If you’ve seen “Once Upon a Time in Hollywood,” I’m going to bet that, like me, one of your favorite characters was Brandy, the Pit Bull belonging to Cliff Booth, the character played by Brad Pitt.
Without giving anything away, Brandy is truly a hero in the movie. She is played by Sayuri, who was snubbed for a Best Supporting Actress Oscar nomination — probably only because dogs don’t get Academy Awards. They do, however, qualify for the Palm Dog award at the Cannes Film Festival. Sayuri deservedly won that prestigious honor this year.
“I’ve told everybody, I have no idea if we’re going to win the Palme d’Or. I feel no entitlement,” said Quentin Tarantino, writer and director of “Once Upon a Time in Hollywood,” when he accepted the award on Sayuri’s behalf. “But I did feel that I was in good standing to win the Palm Dog. So I want to dedicate this to my wonderful actress Brandy. She has brought the Palm Dog home to America.”
Quentin Tarantino was presented the Wamiz Palm Dog award today in Cannes for Brandy’s performance in @OnceInHollywood! ? (Fun fact: she was played by three Pit Bulls in the film: Sayuri, Cerberus, and Siren) pic.twitter.com/YjHijlycfo
— Sony Pictures (@SonyPictures) May 24, 2019
As much as Sayuri deserves awards for her performance, Tarantino deserves no awards for casting this particular dog in his movie. Here’s why.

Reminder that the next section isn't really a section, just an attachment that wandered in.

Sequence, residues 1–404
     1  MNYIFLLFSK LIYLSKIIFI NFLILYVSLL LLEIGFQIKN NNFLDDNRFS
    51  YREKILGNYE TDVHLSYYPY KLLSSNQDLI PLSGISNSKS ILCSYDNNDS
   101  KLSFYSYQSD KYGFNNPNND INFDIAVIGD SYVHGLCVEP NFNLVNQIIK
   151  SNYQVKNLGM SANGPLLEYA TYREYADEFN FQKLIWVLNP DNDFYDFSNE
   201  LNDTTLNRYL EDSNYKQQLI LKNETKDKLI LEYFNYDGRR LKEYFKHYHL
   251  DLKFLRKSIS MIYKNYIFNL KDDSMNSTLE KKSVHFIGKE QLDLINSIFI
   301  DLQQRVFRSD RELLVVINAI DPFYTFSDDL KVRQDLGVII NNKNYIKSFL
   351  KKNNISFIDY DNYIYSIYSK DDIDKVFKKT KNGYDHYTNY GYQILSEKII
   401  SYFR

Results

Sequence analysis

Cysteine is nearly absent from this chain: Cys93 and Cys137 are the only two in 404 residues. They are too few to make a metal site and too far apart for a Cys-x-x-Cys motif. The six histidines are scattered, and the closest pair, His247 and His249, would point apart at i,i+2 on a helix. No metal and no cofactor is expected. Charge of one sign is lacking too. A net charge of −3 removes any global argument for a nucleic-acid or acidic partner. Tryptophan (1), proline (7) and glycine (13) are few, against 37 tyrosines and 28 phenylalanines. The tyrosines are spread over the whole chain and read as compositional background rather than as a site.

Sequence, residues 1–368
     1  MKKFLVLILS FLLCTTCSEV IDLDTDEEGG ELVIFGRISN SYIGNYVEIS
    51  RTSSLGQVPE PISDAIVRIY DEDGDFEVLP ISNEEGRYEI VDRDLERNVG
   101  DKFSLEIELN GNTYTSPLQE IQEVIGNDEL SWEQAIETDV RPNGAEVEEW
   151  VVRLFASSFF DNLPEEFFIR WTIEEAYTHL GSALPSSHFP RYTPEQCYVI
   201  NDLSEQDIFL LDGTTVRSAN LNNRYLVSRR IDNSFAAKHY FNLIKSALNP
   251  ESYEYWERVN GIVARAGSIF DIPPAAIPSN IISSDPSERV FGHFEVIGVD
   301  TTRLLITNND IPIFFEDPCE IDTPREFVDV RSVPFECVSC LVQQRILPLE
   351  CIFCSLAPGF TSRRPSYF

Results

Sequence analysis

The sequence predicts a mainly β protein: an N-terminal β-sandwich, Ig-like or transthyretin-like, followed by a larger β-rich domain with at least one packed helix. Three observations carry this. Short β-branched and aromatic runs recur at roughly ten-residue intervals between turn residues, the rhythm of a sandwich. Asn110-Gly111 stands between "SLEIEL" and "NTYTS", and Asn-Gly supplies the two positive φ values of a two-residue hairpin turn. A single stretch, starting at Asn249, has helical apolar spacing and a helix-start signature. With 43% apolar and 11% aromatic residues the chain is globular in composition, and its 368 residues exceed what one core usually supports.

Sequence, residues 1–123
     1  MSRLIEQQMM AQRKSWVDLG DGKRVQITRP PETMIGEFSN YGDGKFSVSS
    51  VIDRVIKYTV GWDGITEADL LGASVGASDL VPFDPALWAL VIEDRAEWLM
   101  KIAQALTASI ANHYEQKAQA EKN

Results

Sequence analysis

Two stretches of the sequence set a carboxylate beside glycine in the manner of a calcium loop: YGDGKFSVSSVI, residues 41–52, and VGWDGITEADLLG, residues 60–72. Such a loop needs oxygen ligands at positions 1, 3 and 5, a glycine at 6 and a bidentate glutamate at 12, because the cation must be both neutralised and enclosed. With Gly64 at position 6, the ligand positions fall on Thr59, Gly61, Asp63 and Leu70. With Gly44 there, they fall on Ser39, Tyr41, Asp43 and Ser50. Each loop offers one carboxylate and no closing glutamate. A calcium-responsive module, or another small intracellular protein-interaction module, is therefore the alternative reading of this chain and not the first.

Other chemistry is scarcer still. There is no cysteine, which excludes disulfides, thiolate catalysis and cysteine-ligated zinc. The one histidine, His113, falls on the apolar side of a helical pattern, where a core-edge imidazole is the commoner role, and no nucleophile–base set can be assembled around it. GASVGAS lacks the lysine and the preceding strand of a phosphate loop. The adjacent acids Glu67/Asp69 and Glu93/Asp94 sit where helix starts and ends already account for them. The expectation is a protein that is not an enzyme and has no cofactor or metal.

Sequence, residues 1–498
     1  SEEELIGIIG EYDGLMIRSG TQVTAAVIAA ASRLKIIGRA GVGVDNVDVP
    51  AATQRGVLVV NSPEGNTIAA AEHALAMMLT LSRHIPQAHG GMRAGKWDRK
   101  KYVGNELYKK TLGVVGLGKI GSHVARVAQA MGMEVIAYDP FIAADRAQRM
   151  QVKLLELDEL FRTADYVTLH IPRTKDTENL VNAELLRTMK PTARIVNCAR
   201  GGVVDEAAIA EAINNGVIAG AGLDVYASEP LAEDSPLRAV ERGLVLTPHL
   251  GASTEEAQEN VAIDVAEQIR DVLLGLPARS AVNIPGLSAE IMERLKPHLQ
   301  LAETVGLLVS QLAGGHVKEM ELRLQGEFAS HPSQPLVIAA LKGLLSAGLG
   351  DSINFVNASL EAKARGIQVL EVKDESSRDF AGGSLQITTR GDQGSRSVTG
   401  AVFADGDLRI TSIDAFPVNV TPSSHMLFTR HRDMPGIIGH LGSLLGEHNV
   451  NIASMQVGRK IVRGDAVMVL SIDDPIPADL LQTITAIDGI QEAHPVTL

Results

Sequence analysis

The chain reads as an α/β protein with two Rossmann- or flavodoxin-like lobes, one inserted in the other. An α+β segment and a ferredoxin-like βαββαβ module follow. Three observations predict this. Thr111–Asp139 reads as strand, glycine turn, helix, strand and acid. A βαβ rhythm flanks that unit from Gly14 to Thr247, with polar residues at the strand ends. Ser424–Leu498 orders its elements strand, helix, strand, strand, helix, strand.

Instead of searching animal shelters and rescue organizations to find a Pit Bull perfect for the part of Brandy – and in the process probably finding that dog a forever home – Tarantino instead chose Sayuri from breeders Monique and Matt Klosowski of Wilmington, Del. Sayuri’s stunt double, Cerberus, was also obtained from these breeders.
According to USA TODAY, trainers flew to the Klosowskis’ home and offered them “thousands of dollars” for Sayuri and Cerberus. It’s heartbreaking to think about how all that money could have really helped an animal shelter or rescue instead. The trainers didn’t even have to leave Los Angeles — it’s a sad fact that the vast majority of dogs in all of the area’s shelters are Pit Bulls or mixes.
What’s also really disappointing is that Tarantino chose to cast a Pit Bull with cropped ears, like Sayuri’s. Okay, so mutilating the ears of Pit Bulls may have been commonplace back in 1969, but nowadays ear cropping is rightfully considered cruel and unnecessary. It is opposed by the American Animal Hospital Association (AAHA) and other veterinary organizations. Yet every Pit Bull on the About page of the Klosowskis’ Delaware Red Pitbulls website has cropped ears.
Even PETA — the only major U.S. animal organization that actually supports unfair and ineffective breed-specific legislation (BSL), including Pit Bull bans — has asked the USDA to investigate Delaware Red Pitbulls. PETA says the breeders are operating without a license, which is in violation of the federal Animal Welfare Act.
To his credit, there are some things in “Once Upon a Time in Hollywood” that Tarantino does get right about Pit Bulls: specifically, just how compassionate and loyal these misunderstood dogs are. But it’s truly a shame that because of his unfortunate casting choice, unlike Brandy in his movie, no shelter dog had the opportunity to enjoy a fairy-tale ending.